American Heritage® Dictionary of the English Language, Fourth Edition
- n. Any of various widely cultivated South American plants of the genus Petunia, having alternate, entire leaves and funnel-shaped flowers in colors from white to purple.
- n. A moderate to dark purple.
Century Dictionary and Cyclopedia
- n. A genus of ornamental plants of the gamopetalous order Solanaceæ and the tribe Salpiglossidæ, distinguished by the five perfect stamens, funnelform corolla, and entire capsule-valves. There are from 12 to 15 species, found in southern Brazil and the Argentine Republic, and one throughout South America and Mexico. They are clammy-hairy and branching herbs, with small undivided leaves, and showy violet or white flowers, varying to purple and reddish under cultivation, in a few species very small and inconspicuous. P. nyctaginiflora, the common white petunia, and P. violacea, with purple or lilac flowers, are the originals of the numerous garden varieties.
- n. [lowercase] A plant of this genus.
- n. A genus of flowering plants, Petunia; most garden varieties are hybrids.
- n. A dark purple colour, like that of some petunia flowers.
- adj. Of a dark purple colour, like that of some petunia flowers.
GNU Webster's 1913
- n. (Bot.) A genus of solanaceous herbs with funnelform or salver-shaped corollas. Two species are common in cultivation, Petunia violacera, with reddish purple flowers, and Petunia nyctaginiflora, with white flowers. There are also many hybrid forms with variegated corollas.
- n. any of numerous tropical herbs having fluted funnel-shaped flowers
- n. annual or perennial herbs or shrubs of tropical South America
- New Latin Petunia, from French petun ("obsolete word for the tobacco plant"), from Portuguese petum ("tobacco"), from Paraguayan Guaraní pety. (Wiktionary)
- New Latin Petunia, genus name, from obsolete French pétun, tobacco, from Portuguese petum, of Tupi-Guarani origin. (American Heritage® Dictionary of the English Language, Fourth Edition)
“I. Annakindt surly petunia is now available at Lulu. com, click on image.”
“Salpiglossis has been described as a petunia that a painter gazed upon, then decided to enhance its petals with more intricate markings.”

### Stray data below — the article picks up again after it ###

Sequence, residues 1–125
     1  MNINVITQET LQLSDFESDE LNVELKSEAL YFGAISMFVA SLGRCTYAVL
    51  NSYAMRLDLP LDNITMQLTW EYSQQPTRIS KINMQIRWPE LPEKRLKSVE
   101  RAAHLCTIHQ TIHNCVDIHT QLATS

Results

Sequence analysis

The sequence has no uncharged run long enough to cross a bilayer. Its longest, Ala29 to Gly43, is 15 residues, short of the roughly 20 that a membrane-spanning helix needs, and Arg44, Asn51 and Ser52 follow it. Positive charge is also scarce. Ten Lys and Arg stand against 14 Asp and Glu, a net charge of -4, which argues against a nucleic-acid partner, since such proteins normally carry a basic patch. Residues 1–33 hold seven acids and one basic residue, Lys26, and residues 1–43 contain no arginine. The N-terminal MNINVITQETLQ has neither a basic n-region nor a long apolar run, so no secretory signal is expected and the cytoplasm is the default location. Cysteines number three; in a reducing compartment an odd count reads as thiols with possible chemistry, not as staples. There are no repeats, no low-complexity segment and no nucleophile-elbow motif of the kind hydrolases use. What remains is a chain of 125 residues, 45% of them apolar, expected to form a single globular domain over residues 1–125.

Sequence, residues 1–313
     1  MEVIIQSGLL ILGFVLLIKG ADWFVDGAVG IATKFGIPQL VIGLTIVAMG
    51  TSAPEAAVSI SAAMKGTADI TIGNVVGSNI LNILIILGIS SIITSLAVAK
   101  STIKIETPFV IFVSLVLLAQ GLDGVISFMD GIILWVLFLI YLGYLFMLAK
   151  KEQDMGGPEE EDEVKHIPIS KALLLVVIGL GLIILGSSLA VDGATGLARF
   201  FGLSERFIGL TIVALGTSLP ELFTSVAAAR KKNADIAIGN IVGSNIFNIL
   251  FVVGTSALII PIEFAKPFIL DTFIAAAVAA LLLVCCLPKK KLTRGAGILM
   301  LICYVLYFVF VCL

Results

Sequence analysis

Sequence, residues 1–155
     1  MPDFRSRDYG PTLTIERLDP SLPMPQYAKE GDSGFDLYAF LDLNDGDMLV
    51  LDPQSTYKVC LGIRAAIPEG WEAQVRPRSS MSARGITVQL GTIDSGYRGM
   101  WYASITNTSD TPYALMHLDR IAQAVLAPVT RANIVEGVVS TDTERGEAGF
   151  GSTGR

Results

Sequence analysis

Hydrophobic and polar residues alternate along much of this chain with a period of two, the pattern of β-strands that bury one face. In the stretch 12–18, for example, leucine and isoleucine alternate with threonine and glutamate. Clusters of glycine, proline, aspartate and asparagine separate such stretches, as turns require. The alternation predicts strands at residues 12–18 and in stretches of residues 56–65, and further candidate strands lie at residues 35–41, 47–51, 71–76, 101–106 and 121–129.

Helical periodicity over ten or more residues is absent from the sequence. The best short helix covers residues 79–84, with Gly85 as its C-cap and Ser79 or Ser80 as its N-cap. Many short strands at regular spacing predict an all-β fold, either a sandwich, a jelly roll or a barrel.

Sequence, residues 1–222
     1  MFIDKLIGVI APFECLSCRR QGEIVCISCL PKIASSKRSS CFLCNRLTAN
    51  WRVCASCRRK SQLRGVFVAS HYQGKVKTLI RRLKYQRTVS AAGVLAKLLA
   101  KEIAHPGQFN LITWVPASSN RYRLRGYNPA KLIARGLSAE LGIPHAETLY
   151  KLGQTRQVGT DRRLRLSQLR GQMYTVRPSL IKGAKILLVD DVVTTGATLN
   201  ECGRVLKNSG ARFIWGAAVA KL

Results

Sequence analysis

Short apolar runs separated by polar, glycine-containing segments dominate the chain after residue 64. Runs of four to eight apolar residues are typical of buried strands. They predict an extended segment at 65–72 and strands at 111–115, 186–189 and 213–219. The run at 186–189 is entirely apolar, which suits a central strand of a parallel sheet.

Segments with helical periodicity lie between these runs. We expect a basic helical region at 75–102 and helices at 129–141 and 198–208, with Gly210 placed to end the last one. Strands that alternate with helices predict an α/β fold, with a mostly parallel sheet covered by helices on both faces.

“UGA faculty will also study the water needs of different plants, such as petunia, poinsettia, hibiscus and hydrangea.”
“He didn't accomplish much, and people said shaking his hand was like manhandling a wilted petunia.”
“And most of the time, I ended up a crushed petunia, bludgeoned by the reality that my father would not ever be able to replace my mother.”
“Out onto the lawn, tempo increasing, she sucked up the flagstone walk, the rosebushes, the petunia bed, the sprinkler, the driveway, and the small Japanese car parked in the driveway: Oh, what a feeling!”
“Yesterday we noticed a new ally in our fight against the petunia eating bunnies.”
“That is why I am going to reconstitute my genitalia for you, my progressive petunia.”
“A famous description of Harrison's handshake is that it was "like a wilted petunia.”
“She believed in the circle of life, and often joked that she would come back as a petunia.”
These user-created lists contain the word ‘petunia’.
Flowers and plants have some of the most beautiful names.
These are often the common names, as opposed to the scientific or botanical names.
an immense, grandiloquent list that loads like a thousand years sentence in stone. new words are in the other lists.
Words that have been used as baby names, including virtue names, nature names, place names, etc.
The title is an actual name given to a Puritan boy in the 17th century.
These chromonyms are defined as colors in at least one dictionary (mostly MW3). (Actually there's one fake, for reasons I'll explain someday.) They are all one-word nouns such as "kelly", which can...
words that evoke magic, mystery, mayhem, magnificence or anything else that glimmers in the grass
names i like and stuff like that.
words that grate on my nerves (mainly because of the way they sound, not what they mean)
being things I remember from my mother's gardens, including flower, vegetable and shrubbery.
American words with deep native roots...
Looking for tweets for petunia.